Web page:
Every Tuesday, The Nation sends “Take Action Now,” a weekly newsletter that features three actions each week of varying time commitments. This week, we’re continuing to share actions you can take to defeat the Republicans’ draconian health-care bill, along with an opportunity to get involved in the fight to save net neutrality. You can sign up for “Take Action Now” here.

NO TIME TO WASTE?
Donate to ADAPT. If you’ve seen the pictures of protesters in wheelchairs being forcibly removed from the offices of Senator Mitch McConnell and some of his Republican colleagues, you’re familiar with the work of ADAPT. A grassroots disability-rights organization, ADAPT has been organizing nonviolent direct actions to protest the repeal of the Affordable Care Act and cuts to Medicaid, which many of the organization’s members rely on for their lives and liberty. Your donations to ADAPT will help cover the costs of their actions, including arrest fines for low-income members. You can donate here and find out more about ADAPT here.

GOT SOME TIME?
Join a sit-in this Thursday to save our health care. Of course, the health care fight is not over. This Thursday, July 6, #AllofUs, Democracy Spring, Democratic Socialists of America and others are following the lead of groups like ADAPT and organizing sit-ins at senators’ offices. To participate, you can sign up here. You’ll then be invited to a Slack channel where you can connect with local organizers and watch webinars to help you prepare.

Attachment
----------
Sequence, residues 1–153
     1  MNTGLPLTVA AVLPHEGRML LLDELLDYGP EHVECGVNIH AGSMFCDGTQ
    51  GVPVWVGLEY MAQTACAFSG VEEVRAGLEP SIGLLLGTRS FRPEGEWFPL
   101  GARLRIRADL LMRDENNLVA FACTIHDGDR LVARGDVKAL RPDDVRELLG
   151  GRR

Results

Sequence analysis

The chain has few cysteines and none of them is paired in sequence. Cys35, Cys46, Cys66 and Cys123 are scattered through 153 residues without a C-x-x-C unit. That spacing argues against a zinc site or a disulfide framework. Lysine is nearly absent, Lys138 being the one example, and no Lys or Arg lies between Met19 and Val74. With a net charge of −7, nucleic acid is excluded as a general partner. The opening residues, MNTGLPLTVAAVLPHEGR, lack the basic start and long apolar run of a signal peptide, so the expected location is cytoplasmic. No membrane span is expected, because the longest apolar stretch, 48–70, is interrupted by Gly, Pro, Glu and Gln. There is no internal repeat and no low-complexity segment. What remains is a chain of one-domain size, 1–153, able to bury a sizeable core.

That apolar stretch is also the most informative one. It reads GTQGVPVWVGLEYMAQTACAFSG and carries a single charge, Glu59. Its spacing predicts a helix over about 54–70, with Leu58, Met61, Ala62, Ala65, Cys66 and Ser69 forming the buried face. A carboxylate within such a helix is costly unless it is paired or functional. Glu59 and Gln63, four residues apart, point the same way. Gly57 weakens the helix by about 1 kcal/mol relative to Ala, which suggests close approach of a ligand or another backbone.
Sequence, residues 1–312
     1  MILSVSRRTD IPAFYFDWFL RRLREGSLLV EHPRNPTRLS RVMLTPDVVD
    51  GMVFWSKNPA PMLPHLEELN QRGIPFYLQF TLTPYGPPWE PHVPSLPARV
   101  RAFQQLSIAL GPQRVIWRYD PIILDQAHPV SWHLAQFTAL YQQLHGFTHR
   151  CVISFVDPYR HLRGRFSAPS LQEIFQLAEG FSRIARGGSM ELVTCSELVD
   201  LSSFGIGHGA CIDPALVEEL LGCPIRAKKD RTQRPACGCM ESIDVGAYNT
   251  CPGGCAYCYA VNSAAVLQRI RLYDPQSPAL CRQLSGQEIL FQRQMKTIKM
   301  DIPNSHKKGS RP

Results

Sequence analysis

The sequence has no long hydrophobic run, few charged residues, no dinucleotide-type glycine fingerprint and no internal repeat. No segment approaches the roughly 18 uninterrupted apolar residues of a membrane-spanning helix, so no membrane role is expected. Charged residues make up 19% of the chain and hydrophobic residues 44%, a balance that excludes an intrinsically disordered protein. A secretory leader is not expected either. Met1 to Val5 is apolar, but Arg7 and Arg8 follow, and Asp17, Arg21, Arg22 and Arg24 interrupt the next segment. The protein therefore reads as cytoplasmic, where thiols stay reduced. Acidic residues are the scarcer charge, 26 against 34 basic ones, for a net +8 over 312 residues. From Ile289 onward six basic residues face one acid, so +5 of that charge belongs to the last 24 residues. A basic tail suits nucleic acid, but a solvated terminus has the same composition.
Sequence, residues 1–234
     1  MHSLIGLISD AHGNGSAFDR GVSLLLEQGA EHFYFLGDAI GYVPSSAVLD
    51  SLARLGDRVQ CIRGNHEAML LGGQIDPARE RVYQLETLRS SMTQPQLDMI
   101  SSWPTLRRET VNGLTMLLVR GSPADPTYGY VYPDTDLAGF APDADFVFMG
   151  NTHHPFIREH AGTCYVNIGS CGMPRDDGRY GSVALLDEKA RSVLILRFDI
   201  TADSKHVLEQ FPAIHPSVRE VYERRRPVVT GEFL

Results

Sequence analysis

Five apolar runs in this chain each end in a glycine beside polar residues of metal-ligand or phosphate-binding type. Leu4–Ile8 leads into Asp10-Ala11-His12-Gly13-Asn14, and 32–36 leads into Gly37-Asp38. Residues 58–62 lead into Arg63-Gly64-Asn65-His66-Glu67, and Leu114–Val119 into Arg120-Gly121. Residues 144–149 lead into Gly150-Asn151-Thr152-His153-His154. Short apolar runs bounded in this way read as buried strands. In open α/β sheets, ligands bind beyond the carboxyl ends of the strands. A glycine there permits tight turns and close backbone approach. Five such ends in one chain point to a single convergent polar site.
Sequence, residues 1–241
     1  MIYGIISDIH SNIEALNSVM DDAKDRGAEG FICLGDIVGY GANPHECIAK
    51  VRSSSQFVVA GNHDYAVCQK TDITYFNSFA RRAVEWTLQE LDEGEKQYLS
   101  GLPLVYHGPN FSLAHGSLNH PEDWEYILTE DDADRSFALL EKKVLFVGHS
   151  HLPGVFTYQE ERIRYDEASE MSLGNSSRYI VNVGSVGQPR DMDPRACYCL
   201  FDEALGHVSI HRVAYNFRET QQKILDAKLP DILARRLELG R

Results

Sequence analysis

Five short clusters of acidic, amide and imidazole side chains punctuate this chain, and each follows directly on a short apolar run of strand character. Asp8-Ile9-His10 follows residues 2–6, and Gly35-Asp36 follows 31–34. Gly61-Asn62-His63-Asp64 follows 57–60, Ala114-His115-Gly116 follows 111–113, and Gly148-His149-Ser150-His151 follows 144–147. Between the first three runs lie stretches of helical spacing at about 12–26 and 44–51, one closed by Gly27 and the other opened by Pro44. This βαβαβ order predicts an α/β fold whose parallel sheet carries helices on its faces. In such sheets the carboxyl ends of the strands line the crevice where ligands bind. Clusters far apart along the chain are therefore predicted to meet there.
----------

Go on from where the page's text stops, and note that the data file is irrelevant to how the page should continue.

READY TO DIG IN?
Help organize the “Internet-wide Day of Action to Save Net Neutrality.” Trump’s FCC is coming after net neutrality, the concept that all Internet traffic be treated equally. On Wednesday, July 12, activists and companies including the ACLU, Amazon, Reddit, Fight for the Future, and The Nation will participate in an online protest designed to get millions of people to contact both the FCC and Congress, and organizers are looking for people who care about the Internet to help brainstorm and implement ideas. People with access to large online audiences are particularly needed, but anyone can join in. The organizers of the online protest have created video bumpers, widgets to message decision-makers, social media materials, and much more. You can read more about how you can help and sign up to get involved here.